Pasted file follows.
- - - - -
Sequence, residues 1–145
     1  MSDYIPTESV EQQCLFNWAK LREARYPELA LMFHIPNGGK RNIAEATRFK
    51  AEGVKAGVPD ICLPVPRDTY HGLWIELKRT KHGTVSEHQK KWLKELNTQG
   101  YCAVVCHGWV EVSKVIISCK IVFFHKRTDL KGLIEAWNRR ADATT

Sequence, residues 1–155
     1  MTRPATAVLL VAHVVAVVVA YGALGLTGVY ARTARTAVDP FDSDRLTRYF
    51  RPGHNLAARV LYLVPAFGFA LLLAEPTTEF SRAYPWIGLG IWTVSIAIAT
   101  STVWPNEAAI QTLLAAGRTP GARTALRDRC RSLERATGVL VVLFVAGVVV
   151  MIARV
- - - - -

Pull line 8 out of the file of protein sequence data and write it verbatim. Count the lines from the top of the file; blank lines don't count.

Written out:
   101  STVWPNEAAI QTLLAAGRTP GARTALRDRC RSLERATGVL VVLFVAGVVV